Bo Derek Inspired a Hearing Aid Battery?

Hearing Aid Battery Performance Inspired by Bo Derek?

 

Recent posts on this site provided a paper trail to the origin of the CIC (completely-in-canal) hearing aid.  I was reminded that one component not discussed, but facilitating this movement to small hearing devices, was the hearing aid battery (actually, a cell as it relates to the custom-molded instruments of the time, but the two terms will be used interchangeably in this post).

Prior to about 1986 the only pill-type cells available for hearing aids were those in sizes designated as 13, 312, 675, and 41.  All were too large to meet the requirements for continued successful miniaturization of hearing aids.  Today, all hearing aid pill-type cells are Zinc-Air (Zn/O2).

However, about 1985, the Starkey hearing aid manufacturing company approached Rayovac Corporation Battery Division to develop a very small cell that could be used to reduce the size of custom-molded hearing aids. This was in keeping with the industry trend to miniaturize hearing aids as much as possible, especially custom-molded products. This request led to the development of the size 10 cell{{1}}[[1]]Tom Begley, Rayovac, personal communication, 12/20/2015[[1]].


Where Do Hearing Aid Cells Get Their Name Designations?

Bo Derek

Where did the designation size 10 come from?  The cell was actually named after a movie called “Ten,” starring Bo Derek, according to Begley. It was given the code name 10 during development. When time came to bring it to market, the Rayovac market manager elected to use that as the size designation because he said it was the “perfect size” battery.  Just like the movie.

After Rayovac introduced the size 10 cell, Energizer and Duracell developed a same physical-sized cell, but declined to use the size 10 designation because they thought that naming a battery after a movie was somewhat frivolous.  They called theirs the size 230.

According to Begley, and John Oltman, a long-time, and retired Rayovac employee who headed their zinc-air development team, the history of battery naming seems to be lost in the fog of history.  What follows is based on best recollection from them, and from the author.

Figure 1. Industry standard dimensions (mm and inches) for a size 312 hearing aid cell. It is identified by its maximum width, which is rounded to 0.312 inches.
Figure 1. Industry standard dimensions (mm and inches) for a size 312 hearing aid cell. It is identified by its maximum width, which is rounded to 0.312 inches.

Why was the designation 230 suggested?  This seems to have been suggested to follow a trend established with the introduction and naming of the 312 cell.  Figure 1 shows the industry standard dimensions for the size 312 cell.  Note that its maximum diameter is posted as 7.90 mm, or 0.311 inches.  0.311 was rounded up to 0.312 and used to identify this cell.  It should be noted that there are no ± values for the maximum diameter.  It can be no greater than 7.9 mm for the 312 cell.  Any variation applies only to reduced diameter allowance, which is designated as being -0.25 mm.  This minus allowance holds for all the hearing aid cells.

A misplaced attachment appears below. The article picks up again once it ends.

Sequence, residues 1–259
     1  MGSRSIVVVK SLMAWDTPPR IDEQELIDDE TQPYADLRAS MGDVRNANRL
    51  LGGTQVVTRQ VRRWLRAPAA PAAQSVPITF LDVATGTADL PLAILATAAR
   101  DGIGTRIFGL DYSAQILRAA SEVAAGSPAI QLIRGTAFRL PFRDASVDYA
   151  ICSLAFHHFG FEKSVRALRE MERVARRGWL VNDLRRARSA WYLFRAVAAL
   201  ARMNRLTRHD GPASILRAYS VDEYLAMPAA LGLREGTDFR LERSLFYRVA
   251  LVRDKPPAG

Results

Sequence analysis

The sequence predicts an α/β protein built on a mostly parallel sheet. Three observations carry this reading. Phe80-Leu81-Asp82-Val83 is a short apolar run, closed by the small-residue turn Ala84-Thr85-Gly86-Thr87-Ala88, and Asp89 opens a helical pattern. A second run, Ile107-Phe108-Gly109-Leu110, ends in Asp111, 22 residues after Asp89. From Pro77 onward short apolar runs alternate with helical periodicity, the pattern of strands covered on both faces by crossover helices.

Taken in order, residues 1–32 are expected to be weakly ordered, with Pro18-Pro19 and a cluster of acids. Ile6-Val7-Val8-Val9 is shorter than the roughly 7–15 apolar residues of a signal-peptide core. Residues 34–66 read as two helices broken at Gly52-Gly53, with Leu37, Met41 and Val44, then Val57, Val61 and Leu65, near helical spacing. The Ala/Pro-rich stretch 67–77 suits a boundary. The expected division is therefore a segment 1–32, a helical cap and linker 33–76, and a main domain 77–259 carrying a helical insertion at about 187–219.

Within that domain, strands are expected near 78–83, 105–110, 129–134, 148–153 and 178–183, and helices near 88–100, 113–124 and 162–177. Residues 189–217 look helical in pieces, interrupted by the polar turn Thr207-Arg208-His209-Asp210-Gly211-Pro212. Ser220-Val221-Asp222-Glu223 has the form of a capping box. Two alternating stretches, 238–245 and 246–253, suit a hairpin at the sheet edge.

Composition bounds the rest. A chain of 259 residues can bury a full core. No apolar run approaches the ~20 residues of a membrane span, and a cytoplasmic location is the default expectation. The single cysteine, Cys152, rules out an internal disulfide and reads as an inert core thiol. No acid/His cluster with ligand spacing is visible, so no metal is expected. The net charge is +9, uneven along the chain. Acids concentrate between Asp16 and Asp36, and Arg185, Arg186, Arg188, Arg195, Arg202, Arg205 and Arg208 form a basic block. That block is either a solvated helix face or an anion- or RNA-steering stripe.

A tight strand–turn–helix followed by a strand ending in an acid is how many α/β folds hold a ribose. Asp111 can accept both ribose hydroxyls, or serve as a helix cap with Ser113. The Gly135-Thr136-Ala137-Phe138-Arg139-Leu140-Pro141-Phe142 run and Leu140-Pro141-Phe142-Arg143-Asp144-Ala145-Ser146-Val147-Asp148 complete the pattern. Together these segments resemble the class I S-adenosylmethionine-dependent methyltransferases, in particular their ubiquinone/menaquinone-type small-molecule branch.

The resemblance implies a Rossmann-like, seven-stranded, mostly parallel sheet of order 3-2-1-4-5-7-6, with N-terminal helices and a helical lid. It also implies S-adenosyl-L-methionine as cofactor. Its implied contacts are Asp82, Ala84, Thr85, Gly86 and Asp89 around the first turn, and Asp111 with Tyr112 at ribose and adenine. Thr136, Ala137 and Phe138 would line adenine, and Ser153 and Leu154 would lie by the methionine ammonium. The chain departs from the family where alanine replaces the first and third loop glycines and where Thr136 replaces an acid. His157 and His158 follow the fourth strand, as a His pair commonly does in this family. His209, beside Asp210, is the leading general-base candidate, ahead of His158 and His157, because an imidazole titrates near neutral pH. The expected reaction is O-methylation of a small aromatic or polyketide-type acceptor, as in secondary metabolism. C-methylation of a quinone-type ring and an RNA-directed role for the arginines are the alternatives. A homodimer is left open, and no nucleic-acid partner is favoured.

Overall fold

Figure 2. Industry standard dimensions (mm and inches) for a size 10 hearing aid cell. It is identified by its maximum width, which is rounded to 0.230 inches. However, this cell is commonly identified with the size 10 designation, that attributed to be the perfect shape after Bo Derek of the movie “Ten.”
Figure 2. Industry standard dimensions (mm and inches) for a size 10 hearing aid cell. It is identified by its maximum width, which is rounded to 0.230 inches. However, this cell is commonly identified with the size 10 designation, that attributed to be the perfect shape after Bo Derek of the movie “Ten.”

The same logic appears to have been applied by Energizer and Duracell to provide a designation for what they called the 230 cell (Figure 2).  The maximum diameter is 5.8 mm which rounds up to about 0.230 inches, providing the designation as the 230 cell.

However, as the size 10 gained nomenclature acceptance over other small batteries in the market, Energizer, Duracell, and all other battery manufacturers dropped the 230 designation, and the size 10 became the universal designation for this size cell.

The size 5 cell, now essentially discontinued, was so named because it was half the size of the 10.

The size 675 cell designation originated in WWII for the U.S. Army.

No historical information could be found on the designation of the size 13 cell, other than it was the same size as used in the replaced mercury cell.

What is not commonly known is that hearing aid cells also have ANSI (American National Standards Institute) and IEC (International Electrotechnical Commission) designations.  These designations, along with typical capacity, color code, and dimensions are provided in Figure 3.

Figure 3. Names, capacities, dimensions (in mm), and color code for the most common hearing aid zinc-air hearing aid cells.
Figure 3. Names, capacities, dimensions (in mm), and color code for the most common hearing aid zinc-air hearing aid cells.


“The Rest of the Story.”

So, for the “rest of the story,” if a size 10 cell is used to power a hearing aid, you might say that it has been “activated” by Bo Derek (watch your mind).

About Wayne Staab

Dr. Wayne Staab is an internationally recognized authority on hearing aids. As President of Dr. Wayne J. Staab and Associates, he is engaged in consulting, research, development, manufacturing, education, and marketing projects related to hearing. Interests away from business include fishing, hunting, hiking, mountain biking, golf, travel, tennis, softball, lecturing, sporting clays, 4-wheeling, archery, swimming, guitar, computers, and photography. Among other pursuits.

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